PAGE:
Let's start the week with this illustration & paper lettering project by People Too. You heard me right, Paper Lettering. A mixture of drawing and a lot of crafting to create such a stunning result. Imagine that the mighty folks over People Too, went from making every single pieces from the buildings, people, furniture, plants, cars and more. This is one of those projects where you just appreciate their patience and their passion for the art itself. Props to the team! People Too is a team of Alexey Lyapunov and Lena Erlich. They both work into the illustration, drawings and craft using the paper material. You should definitely check out their Behance. Paper letters with little scenes inside for Hyundai Fleet Project Gallery More Links Check out People Too's site: peopletoo.ru Make sure to follow People Too on Behance
There are creative niches we don't get to see too much here at Abduzeedo. There are many great artists that craft awesome pieces using felt, and Becky Margraf is one of them. I'm a big sucker for design projects and she came up with "100 Days of Felt", in which she design felt beasts. There are pretty sweet, going from food beasts to pop culture related ones. For the complete project, please visit her personal website! I hope you enjoy these. Cheers! ;) Cheeseburger with lettuce, tomato, and onions. Terry Venus the T.V. Gumball Machine Etch-A-Sketch Notebook Paper Flame Grass block from Minecraft Piñata Cinnamon Roll Fortune cookie with removable fortune. (Fortune says “Always Be Kind”) Boysenberry Pie Tennis racquet Gameboy with red LED power indicator. (On/off switch on back) Sriracha with a removable cap. Donut with sprinkle acne.
We have posted many articles about typography but there are a number of projects in particular that really catch our eye. Whether it's the striking visual outcome or the technique behind it, we're blown away by the amazing talent that surrounds us. That's the case of the Melting Offf Unmasked project by Noelia Lozano for the Offf conference. It's awesome to see the video that Noelia shares showcasing a behind the scenes peek into the intricacy and craftsmanship involved throughout the process. Contribution to the OFFF UNMASKED art book celebrating the 15th edition of Barcelona’s OFFF festival. Featuring contributions from renowned illustrators and graphic designers around the world, presenting OFFF as a polytheistic cult,a secret religion with it´s own sacred rituals, places and prophets. The book was designed by Barcelona design studio VASAVA in collaboration with the OFFF team. Video Behind the scenes My contribution to the OFFF brief plays with the idea of unmasking to expose your real self. You need to melt through the layers, in order to show the internal struggle; the real form which is initially invisible to the observer. Stills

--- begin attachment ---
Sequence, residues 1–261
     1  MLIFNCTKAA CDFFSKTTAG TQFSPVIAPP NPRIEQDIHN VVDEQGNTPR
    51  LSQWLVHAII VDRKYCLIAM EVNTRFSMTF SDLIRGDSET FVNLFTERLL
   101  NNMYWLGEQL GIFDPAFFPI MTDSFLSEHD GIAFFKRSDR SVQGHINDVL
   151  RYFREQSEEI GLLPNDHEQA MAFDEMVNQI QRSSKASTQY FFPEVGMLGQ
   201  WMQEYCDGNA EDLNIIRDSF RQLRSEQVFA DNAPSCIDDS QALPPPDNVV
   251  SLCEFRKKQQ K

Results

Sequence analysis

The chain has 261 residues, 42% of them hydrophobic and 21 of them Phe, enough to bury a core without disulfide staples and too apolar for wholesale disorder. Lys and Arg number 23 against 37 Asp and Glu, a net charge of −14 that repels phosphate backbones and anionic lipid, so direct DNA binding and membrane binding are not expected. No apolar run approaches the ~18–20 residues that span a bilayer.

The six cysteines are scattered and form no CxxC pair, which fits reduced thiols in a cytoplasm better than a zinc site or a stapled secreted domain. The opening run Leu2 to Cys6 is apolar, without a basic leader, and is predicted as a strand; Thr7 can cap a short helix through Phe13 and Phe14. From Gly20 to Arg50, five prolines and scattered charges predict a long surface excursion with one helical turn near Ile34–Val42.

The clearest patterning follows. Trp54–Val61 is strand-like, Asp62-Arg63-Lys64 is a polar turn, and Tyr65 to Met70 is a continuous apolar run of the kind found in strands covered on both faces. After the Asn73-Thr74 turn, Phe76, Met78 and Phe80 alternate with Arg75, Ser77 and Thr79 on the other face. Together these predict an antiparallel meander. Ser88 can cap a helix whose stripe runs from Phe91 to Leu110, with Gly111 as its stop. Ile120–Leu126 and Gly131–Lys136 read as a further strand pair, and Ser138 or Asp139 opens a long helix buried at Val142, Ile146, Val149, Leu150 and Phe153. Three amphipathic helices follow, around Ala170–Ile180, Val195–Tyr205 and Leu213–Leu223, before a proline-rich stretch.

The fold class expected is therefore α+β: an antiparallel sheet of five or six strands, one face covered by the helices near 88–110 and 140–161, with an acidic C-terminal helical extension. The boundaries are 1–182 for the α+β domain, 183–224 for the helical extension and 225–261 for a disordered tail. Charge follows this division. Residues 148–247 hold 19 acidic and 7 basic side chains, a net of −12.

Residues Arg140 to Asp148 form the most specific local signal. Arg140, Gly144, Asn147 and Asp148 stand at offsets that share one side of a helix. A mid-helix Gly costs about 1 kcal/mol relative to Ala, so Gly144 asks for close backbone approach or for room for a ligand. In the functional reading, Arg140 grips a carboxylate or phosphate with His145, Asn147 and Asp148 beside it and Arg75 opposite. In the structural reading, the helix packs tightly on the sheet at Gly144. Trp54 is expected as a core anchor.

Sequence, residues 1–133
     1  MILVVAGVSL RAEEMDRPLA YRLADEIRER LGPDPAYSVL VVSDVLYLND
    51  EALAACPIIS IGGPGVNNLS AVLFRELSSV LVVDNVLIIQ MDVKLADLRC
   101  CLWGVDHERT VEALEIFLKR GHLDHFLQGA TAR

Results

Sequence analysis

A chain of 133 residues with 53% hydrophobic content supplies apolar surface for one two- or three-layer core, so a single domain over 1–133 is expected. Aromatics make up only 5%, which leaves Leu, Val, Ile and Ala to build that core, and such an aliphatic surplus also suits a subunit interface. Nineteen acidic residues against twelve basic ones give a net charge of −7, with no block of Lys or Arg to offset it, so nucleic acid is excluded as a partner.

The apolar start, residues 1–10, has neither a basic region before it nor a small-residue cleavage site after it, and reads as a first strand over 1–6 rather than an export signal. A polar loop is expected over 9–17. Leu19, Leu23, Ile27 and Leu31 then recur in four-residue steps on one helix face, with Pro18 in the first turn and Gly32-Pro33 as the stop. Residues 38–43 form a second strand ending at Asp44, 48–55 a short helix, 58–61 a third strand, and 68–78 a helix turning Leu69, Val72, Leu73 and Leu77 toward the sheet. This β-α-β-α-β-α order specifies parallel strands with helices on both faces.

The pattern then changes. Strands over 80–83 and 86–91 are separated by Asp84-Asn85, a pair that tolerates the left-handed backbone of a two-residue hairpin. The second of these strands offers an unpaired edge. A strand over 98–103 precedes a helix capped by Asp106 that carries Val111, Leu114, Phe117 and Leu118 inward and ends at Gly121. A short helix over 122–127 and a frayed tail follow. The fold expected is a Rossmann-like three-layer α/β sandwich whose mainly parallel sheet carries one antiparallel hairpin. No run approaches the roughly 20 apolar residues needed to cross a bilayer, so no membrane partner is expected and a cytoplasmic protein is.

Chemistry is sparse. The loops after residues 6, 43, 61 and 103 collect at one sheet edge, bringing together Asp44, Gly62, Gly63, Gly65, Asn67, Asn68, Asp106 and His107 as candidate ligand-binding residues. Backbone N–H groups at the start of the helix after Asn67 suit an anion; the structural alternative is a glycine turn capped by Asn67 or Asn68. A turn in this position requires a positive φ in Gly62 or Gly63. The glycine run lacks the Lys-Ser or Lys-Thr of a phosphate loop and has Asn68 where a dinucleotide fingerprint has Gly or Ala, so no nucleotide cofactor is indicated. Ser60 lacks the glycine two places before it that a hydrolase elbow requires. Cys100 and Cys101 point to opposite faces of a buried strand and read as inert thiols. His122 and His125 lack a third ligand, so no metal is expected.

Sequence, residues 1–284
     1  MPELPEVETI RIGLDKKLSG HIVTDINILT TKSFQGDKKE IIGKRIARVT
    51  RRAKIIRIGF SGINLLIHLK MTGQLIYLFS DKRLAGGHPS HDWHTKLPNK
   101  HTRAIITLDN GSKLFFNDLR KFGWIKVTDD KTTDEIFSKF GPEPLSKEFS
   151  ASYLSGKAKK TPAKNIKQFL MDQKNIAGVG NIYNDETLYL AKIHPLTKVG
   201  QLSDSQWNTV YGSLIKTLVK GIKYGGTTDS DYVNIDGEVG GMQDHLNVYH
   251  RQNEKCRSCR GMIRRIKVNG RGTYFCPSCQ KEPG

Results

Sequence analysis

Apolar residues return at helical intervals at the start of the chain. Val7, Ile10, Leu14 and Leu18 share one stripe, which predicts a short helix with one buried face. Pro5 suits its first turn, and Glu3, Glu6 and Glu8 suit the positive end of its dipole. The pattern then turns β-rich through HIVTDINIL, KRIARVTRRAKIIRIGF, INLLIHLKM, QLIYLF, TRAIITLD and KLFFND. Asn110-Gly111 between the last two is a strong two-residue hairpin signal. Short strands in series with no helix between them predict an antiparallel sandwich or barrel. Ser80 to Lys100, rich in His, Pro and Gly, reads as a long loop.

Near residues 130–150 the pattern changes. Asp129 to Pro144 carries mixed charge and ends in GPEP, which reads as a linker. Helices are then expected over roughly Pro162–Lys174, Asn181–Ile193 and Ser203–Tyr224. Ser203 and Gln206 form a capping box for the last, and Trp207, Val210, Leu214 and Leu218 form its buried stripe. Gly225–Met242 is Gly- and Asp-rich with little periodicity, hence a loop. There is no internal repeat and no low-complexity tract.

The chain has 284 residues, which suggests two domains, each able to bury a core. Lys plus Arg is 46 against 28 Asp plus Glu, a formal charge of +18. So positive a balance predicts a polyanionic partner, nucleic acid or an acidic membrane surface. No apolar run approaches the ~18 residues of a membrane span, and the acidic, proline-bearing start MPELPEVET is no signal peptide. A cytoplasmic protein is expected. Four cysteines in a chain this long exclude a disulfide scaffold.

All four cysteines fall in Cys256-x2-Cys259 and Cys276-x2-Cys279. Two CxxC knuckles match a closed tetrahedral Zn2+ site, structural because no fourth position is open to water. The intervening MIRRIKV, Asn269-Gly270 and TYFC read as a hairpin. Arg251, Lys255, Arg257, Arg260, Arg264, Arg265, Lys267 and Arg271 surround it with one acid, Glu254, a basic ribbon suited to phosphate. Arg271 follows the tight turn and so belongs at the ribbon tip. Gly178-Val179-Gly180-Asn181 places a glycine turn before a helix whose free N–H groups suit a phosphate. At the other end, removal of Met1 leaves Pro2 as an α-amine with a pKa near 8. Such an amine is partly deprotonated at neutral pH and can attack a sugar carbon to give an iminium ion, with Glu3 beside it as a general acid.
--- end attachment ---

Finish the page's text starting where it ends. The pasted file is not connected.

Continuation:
The book suggestion of this week is about craftsmanship, we are talking about The Craftsman by Richard Sennett. The book engages the many dimensions of skill—from the technical demands to the obsessive energy required to do good work. Craftsmanship leads Sennett across time and space, from ancient Roman brickmakers to Renaissance goldsmiths to the printing presses of Enlightenment Paris and the factories of industrial London. Amazon Book description Defining craftsmanship far more broadly than “skilled manual labor,” Richard Sennett maintains that the computer programmer, the doctor, the artist, and even the parent and citizen engage in a craftsman’s work. Craftsmanship names the basic human impulse to do a job well for its own sake, says the author, and good craftsmanship involves developing skills and focusing on the work rather than ourselves. In this thought-provoking book, one of our most distinguished public intellectuals explores the work of craftsmen past and present, identifies deep connections between material consciousness and ethical values, and challenges received ideas about what constitutes good work in today’s world. Sennett considers an array of artisans across different periods, from ancient Chinese chefs to contemporary mobile-phone designers, in this powerful meditation on the "skill of making things well." The template of craftsmanship, he finds, combines a "material consciousness" with a willingness to put in years of practice (a common estimate of the time required to master a craft is ten thousand hours) and a strategic acceptance of ambiguity, rather than an obsessive perfectionism. Sennett’s aim is to make us rethink the notion that society benefits most from a workforce trained to respond to the metamorphoses of a global economy. Ultimately, he writes, the difficulties and possibilities of craft can teach "techniques of experience" that help us relate to others, and lead to an "ethically satisfying" pride in one’s work. New Yorker- Copyright © 2008 Buy The Craftsman Now